568, 6 L.R.A. 802, 19 Atl. 276; Price v. Huey, “The legal rights affected in those cases 22 Ind. 18; Welch v. Wadsworth, 30 Conn. by the statutes were deemed to have been 149, 158, 79 Am. Dec. 236; Rich v. Flanders, vested subject to the equity existing against | 39 N. H. 310, 311; Iowa R. Land Co. v. Soper, them, and which the statutes recognized and 39 Iowa, 112, 119; Ferry v. Campbell, 110 enforced. Goshen v. Stonington, 4 Conn. Iowa, 290, 50 L.R.A. 92, 81 N. W. 604; Mills 209, 10 Am. Dec. 121; Wilkinson v. Leland, v. Geer, 111 Ga. 275, 279, 287, 288, 52 L.R.A. 2 Pet. 627, 7 L. ed. 542; Langdon v. Strong, 934, 36 S. E. 673. 2 Vt. 234; Watson v. Mercer, 8 Pet. 88, 8 Fourth. Aside, however, from principle L. ed. 876, 3 Story. Const. 267.”
and the general result of the adjudged cases, Nor does the mere fact that, at the time it is finally insisted that the want of power the ratifying statute was enacted, this ac- in Congress to ratify the collection of the tion was pending for the recovery of the sums duties in question under the circumstances paid, cause the statute to be repugnant to here disclosed conclusively results from the the Constitution. The mere commencement decision in De Lima v. Bidwell, 182 U. S. 1, of the suit did not change the nature of 45 L. ed, 1041, 21 Sup. Ct. Rep. 743. As we the right. Hence again, if it be conceded have seen, that case concerned the validity that the capacity to prosecute the pending of collections of duties in the port of New suit to judgment was, in a sense, a vested York on goods brought into the United right, certainly also the power of the United States from Porto Rico, and, whilst insisting States to ratify was, to say the least, a on the legality of the duties, the governright of as high a character. To arrogate ment, at the same time, urged that, even if to themselves the authority to devest the originally invalid, they had yet been ratiright of the United States to ratify is, then, fied as the result of provisions of a specified in reason, the assumption upon which the act of Congress which had been passed asserted right of the claimants to recover after the suit to recover the duties had been must rest.
commenced. As that portion of the duties Considering how far the bringing of ac- sued for which had been collected after ratitions would operate to deprive government fication of the treaty were decided to be ilof the power to enact curative statutes legal, it followed that a decision as to the which, if the actions had not been brought, question of ratification was required. In would have been unquestionably valid, passing upon the subject, after intimating Cooley, in his Constitutional Limitations, doubt as to whether the act relied upon, as says (7th ed. p. 543):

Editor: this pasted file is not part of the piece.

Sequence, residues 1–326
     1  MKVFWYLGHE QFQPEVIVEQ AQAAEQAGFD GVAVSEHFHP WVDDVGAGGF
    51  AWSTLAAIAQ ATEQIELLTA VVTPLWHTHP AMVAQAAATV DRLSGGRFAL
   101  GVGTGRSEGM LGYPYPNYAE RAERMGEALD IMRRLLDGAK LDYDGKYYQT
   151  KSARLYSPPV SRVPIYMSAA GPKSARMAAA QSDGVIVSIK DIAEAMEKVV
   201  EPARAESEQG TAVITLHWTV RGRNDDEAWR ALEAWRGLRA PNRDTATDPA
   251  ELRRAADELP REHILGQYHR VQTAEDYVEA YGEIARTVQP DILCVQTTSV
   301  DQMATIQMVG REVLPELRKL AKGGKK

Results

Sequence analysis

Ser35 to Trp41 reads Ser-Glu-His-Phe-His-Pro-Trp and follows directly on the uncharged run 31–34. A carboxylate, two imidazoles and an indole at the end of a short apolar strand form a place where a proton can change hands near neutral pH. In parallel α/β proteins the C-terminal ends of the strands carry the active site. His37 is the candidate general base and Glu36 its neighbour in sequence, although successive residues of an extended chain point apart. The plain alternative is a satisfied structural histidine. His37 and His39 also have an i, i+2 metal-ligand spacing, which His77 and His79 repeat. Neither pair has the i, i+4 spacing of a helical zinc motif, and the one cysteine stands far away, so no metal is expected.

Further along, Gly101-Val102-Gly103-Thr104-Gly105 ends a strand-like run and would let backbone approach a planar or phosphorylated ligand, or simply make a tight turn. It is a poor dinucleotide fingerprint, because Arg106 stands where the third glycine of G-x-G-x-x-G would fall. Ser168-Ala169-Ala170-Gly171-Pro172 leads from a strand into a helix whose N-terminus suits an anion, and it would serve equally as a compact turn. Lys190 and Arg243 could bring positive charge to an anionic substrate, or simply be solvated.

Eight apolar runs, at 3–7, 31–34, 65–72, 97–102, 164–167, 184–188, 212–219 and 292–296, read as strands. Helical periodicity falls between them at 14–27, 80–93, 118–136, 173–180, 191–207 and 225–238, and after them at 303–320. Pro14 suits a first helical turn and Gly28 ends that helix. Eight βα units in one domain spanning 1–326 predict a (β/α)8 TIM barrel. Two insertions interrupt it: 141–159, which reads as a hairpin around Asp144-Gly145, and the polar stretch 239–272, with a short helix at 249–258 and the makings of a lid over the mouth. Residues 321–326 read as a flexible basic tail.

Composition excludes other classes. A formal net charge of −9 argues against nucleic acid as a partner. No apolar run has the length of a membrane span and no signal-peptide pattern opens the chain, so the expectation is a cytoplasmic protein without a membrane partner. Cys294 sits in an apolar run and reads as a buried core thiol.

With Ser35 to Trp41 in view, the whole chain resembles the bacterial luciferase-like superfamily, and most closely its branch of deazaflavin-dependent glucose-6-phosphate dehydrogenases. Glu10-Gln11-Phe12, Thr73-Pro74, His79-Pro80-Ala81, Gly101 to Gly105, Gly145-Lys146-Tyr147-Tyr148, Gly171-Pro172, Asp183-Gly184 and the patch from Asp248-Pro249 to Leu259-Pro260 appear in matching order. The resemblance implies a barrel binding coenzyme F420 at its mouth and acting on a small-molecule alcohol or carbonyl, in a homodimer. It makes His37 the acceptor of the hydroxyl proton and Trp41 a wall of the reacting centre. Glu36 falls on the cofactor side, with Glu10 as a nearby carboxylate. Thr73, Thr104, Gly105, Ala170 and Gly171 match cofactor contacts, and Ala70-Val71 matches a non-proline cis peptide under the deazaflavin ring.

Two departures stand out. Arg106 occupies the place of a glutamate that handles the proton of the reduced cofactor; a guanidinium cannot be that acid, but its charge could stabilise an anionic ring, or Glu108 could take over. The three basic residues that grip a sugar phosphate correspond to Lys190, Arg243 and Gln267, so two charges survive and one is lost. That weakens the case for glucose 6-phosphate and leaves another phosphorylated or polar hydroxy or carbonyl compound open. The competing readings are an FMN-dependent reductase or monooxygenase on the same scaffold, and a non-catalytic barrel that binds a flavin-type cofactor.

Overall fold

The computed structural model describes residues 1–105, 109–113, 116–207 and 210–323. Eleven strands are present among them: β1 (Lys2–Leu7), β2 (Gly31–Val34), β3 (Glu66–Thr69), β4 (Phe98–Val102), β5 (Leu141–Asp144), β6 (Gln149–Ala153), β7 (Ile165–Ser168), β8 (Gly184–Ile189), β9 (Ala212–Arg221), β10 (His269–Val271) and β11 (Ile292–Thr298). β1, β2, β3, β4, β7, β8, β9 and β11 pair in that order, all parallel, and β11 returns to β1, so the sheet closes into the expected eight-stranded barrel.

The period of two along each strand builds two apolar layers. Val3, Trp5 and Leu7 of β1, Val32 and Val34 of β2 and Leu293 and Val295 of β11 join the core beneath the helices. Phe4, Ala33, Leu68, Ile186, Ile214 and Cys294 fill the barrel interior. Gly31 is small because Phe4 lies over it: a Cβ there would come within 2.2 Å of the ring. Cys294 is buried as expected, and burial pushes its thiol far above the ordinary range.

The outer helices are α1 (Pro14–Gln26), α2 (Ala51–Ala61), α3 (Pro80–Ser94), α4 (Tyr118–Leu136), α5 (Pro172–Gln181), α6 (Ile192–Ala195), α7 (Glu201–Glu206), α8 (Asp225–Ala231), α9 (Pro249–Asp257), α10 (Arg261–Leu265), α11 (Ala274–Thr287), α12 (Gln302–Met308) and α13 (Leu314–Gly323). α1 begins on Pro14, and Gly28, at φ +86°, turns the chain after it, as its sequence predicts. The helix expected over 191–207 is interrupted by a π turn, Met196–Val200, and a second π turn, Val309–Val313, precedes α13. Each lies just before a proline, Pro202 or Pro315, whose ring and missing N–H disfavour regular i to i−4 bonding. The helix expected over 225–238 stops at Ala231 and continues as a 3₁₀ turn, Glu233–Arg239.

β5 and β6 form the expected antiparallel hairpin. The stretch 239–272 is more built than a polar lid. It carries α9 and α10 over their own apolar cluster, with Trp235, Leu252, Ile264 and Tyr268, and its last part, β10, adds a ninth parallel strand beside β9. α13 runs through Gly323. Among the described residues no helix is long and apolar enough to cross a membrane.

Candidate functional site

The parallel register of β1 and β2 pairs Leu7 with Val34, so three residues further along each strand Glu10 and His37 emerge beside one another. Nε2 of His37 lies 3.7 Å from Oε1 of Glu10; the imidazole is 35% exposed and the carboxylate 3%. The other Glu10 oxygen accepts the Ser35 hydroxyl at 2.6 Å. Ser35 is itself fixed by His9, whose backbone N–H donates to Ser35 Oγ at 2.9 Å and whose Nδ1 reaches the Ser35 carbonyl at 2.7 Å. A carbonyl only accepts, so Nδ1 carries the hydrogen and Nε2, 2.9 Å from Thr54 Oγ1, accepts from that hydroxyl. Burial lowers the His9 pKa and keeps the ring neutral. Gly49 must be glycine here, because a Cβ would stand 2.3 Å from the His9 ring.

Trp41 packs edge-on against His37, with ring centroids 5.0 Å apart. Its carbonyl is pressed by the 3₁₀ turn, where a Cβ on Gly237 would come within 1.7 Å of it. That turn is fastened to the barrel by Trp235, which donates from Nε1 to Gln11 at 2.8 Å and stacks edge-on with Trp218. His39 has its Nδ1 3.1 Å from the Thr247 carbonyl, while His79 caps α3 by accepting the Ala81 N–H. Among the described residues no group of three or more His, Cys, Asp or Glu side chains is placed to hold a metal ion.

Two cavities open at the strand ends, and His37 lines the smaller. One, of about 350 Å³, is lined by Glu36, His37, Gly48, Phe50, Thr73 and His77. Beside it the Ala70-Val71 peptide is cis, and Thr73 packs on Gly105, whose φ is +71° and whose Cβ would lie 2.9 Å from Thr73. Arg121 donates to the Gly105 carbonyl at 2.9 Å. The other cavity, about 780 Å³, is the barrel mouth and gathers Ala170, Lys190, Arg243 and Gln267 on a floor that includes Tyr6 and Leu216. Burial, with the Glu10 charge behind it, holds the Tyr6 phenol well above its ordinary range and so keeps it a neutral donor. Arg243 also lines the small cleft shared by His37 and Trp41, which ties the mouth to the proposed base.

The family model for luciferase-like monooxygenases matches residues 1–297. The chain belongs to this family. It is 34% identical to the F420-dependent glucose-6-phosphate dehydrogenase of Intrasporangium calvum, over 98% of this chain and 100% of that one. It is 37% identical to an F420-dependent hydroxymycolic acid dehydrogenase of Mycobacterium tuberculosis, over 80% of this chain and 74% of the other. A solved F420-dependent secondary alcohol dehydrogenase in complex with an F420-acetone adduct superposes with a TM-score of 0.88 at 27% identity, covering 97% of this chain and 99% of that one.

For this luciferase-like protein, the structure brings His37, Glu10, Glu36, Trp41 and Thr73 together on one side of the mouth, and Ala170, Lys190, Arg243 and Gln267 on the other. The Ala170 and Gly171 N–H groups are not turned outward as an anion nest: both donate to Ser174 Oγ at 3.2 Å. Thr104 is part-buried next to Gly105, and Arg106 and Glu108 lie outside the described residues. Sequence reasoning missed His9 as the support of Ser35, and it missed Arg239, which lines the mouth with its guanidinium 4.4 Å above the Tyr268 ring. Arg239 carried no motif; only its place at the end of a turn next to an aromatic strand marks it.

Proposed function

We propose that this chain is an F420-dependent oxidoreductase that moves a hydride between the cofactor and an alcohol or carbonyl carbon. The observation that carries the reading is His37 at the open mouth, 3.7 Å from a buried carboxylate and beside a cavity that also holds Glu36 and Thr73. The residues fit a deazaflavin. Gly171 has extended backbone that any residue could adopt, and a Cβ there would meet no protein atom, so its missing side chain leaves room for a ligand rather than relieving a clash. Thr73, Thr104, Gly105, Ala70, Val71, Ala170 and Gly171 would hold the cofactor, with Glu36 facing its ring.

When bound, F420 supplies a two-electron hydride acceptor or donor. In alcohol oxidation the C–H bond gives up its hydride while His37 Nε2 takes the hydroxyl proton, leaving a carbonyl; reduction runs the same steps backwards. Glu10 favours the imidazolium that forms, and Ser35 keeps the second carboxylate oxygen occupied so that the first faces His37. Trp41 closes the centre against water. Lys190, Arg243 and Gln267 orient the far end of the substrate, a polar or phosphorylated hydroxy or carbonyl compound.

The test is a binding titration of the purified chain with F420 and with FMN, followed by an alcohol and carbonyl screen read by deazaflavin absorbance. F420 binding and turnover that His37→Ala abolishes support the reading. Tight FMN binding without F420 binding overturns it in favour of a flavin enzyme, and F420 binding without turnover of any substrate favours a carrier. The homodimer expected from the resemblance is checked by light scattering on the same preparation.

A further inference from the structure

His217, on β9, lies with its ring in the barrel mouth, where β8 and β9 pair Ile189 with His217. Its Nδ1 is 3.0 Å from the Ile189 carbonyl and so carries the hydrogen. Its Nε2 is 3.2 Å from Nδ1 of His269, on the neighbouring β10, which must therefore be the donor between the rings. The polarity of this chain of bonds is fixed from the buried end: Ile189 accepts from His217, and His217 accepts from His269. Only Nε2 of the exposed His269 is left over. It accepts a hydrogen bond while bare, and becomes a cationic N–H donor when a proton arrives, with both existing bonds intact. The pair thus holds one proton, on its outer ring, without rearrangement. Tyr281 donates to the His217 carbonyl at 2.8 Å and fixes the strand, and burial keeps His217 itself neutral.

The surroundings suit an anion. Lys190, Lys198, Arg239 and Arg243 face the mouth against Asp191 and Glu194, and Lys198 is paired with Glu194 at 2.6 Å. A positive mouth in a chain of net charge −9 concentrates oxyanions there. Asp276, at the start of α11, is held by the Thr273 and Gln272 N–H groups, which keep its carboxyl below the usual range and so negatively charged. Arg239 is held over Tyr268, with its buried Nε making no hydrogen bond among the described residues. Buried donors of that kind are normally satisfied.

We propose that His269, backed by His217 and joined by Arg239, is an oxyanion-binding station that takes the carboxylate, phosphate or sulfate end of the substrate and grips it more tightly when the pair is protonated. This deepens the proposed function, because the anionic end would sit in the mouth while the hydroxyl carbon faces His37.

manifesting the intention of Congress to "Nor is it important, in any of the cases ratify, was intended to have that effect, it to which we have referred, that the legis- was remarked (p. 199, L. ed. p. 1057, Sup. lative act which cures the irregularity, de. Ct. Rep. p. 754): fect, or want of original authority, was "It can clearly have no retroactive effect passed after suit brought, in which such ir- as to moneys theretofore paid under proregularity or defect became matter of im- test, for which an action to recover back portance. The bringing of suit vests in a had already been brought.
had already been brought. As the action party no right to a particular decision (Ba- in this case was brought March 13, 1900, con v. Callender, 6 Mass.: 303; Butler v. eleven days before the act was passed, the Palmer, 1 Hill, 324; Cowgill v. Long, 15 Ill. right to recover the money sued for could 202; Miller v. Graham, 17 Ohio St. 1; State not be taken away by a subsequent act of v. Squires, 26 Iowa, 340; Patterson v. Phil Congress. Plaintiff's sue in assumpsit for brook, 9 Mass. 151); and his case must be money which the collector has in his hands, determined on the law as it stands, not when justly and equitably belonging to them. To the suit was brought, but when the judg- say that Congress could, by a subsequent ment is rendered (Watson v. Mercer, 8 Pet. act, deprive them of the right to prosecute 88, 8 L. ed. 876; Mather v. Chapman, 6 this action, would be beyond its power. In Conn. 54; People ex rel. Bristol v. Ingham any event, it should not be interpreted so County, 20 Mich. 95; Satterlee v. Matthew- as to make it retroactive. Kennett's Peti. tion, 24 N. H. 139; Alter's Appeal, 67 Pa., which had been levied and collected other 341, 5 Am. Rep. 433; Norman v. Heist, 5 than those in controversy, to which the act Watts & S. 171, 40 Am. Dec. 493; Donovan clearly applied, and “that question [as to v. Pitcher, 53 Ala. 411, 25 Am. Dec. 634; them] was put at rest by this ratification.” Palairet's Appeal, 67 Pa. 479, 5 Am. Rep. Further, in calling attention to the ambi450; State use of Methodist Episcopal guity in the ratifying statute relied upon and Church v. Warren, 28 Md. 338."